Glenn Loury argues passionately for a more nuanced and balanced understanding of recent events in Ferguson and elsewhere, if we are to make headway in tackling the country’s continuing racial conflict. Loury’s alarm is understandable. For the past few years a steady stream of violent racial incidents has sparked angry protests centered on the theme that black lives matter and on the deep racial polarization in the United States.

Yet Loury’s argument is misguided. It lacks historical perspective and nuance. And it is surprising that an economist would elide the economic underpinnings of black disadvantage. Loury offers the wrong advice not only for black activists and their allies but for the country as a whole. Most of all, Loury fails to provide us the basis for understanding how white supremacy, reworked for this neoliberal era, shapes the current racial terrain.

Loury ignores ways in which white supremacy shapes the racial terrain.

Loury errs by centering most of the discussion on the person of Michael Brown, but the black activists in the St. Louis area and throughout the country realize that the problem is not Brown, his character, or how he is characterized, but a society in which police routinely kill unarmed people. Rather than Rosa Parks, Brown should be compared to the victims of lynching during the late nineteenth and early twentieth centuries. As Megan Ming Francis vividly demonstrates in Civil Rights and the Making of the American State (2014), black victims were portrayed by the state and white civil society as menaces to American civility and civilization, to be controlled by any means necessary.

In response, some black leaders unsuccessfully pursued a strategy of balance, calling for an end to black criminality and for due process. Individuals such as Ida B. Wells and organizations such as the NAACP and the CPUSA rejected that strategy and pursued the more effective one of building a social movement and fighting in the streets, the legislatures, the courts, and the court of public opinion to obtain justice for the black victims of mob lynchings and legal lynchings, such as the Scottsboro Boys.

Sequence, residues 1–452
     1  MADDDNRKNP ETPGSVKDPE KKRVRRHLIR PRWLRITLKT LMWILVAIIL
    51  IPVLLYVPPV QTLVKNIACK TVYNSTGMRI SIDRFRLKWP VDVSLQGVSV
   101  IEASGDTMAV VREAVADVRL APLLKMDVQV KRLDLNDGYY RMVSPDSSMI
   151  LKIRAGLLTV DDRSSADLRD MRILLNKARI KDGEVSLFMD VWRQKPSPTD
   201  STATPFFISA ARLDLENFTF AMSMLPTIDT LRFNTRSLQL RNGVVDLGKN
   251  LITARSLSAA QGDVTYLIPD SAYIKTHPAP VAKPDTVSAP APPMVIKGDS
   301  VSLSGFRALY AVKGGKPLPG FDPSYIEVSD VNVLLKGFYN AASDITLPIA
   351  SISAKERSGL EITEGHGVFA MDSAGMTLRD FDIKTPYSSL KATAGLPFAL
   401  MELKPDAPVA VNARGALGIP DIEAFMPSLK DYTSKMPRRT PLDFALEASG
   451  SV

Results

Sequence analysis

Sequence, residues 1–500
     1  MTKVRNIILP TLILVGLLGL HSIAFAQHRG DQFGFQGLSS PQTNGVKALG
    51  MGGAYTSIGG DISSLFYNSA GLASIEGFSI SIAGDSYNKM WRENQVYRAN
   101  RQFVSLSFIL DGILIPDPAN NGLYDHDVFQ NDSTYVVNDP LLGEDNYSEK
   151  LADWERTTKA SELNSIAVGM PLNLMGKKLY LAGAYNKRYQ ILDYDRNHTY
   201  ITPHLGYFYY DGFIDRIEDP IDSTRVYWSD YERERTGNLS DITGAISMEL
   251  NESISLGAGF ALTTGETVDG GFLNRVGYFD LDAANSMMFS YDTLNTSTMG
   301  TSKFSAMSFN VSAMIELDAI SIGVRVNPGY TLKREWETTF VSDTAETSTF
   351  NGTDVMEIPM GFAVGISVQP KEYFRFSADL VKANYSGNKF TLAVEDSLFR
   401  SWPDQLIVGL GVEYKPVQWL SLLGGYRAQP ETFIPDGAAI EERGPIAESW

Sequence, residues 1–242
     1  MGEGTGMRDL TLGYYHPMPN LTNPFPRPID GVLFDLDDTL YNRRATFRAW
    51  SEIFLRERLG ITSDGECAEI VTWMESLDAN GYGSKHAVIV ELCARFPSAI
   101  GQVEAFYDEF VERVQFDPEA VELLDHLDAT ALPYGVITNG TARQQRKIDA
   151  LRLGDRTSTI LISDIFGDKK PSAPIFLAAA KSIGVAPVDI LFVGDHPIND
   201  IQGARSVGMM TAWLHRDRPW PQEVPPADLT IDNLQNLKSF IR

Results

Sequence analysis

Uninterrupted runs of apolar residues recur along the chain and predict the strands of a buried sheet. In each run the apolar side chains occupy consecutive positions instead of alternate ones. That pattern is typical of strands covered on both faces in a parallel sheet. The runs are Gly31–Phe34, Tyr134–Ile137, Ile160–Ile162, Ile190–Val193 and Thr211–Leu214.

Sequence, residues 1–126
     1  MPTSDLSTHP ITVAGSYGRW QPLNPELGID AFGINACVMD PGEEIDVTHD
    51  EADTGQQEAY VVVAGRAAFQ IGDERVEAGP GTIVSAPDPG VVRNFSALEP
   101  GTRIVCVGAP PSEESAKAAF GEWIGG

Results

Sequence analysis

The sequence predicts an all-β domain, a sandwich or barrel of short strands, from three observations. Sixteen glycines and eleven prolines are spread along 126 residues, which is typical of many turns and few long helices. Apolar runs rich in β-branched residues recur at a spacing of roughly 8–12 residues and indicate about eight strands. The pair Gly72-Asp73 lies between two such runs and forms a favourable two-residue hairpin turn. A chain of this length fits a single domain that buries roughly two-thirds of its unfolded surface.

This is not to suggest that the traditional Civil Rights Movement is the best mode for our time. I agree with Loury in that respect. The economic and social context within which the Civil Rights Movement was built and flourished no longer exists due in part to massive changes in the American political economy. The murder of black folks sparks anger, but the foundation of that anger is the lack of economic opportunity for those denied access to decent educational opportunities and forced into the lowest end of the labor market. As blacks moved into the manufacturing and public sectors in the twentieth century, their incomes rose. But the neoliberal remaking of the economy and state devastated black communities.

The Black Power Movement may have more to teach us now. As Malcolm X pointed out, a weakness of the Civil Rights Movement was a focus on civil rights instead of a more robust concept of human rights. I would add democratic rights. The slogan “black lives matter” focuses attention on the claim that blacks are being robbed by the state and vigilantes of the human right to safety and the democratic right to equal treatment under the law. Today’s anger follows the denial of basic human rights, even if it is too early to define the nature of a movement that is at its beginning.

More than the Civil Rights Movement, the Black Power Movement attempted, not altogether unsuccessfully, to address the kinds of hardships that form the backdrop to today’s racial divide. While the political economy of the Black Power era differs from today’s, there are similarities in the political environment. These include a highly racially polarized society, a need to focus on the economic demands of the least affluent sectors of black and brown communities, a need to do the difficult work of building working alliances between disadvantaged communities, and a need to force the state to extend full democratic rights in arenas ranging from voting to criminal justice. The goal, which so upset whites, was the redistribution of power and resources.

We should not rebuild the old Black Power Movement. Those days have passed. But I suspect that new movements will learn from the Black Power Movement because ending racial inequality still demands redistribution of power and resources and the institution of human and democratic rights.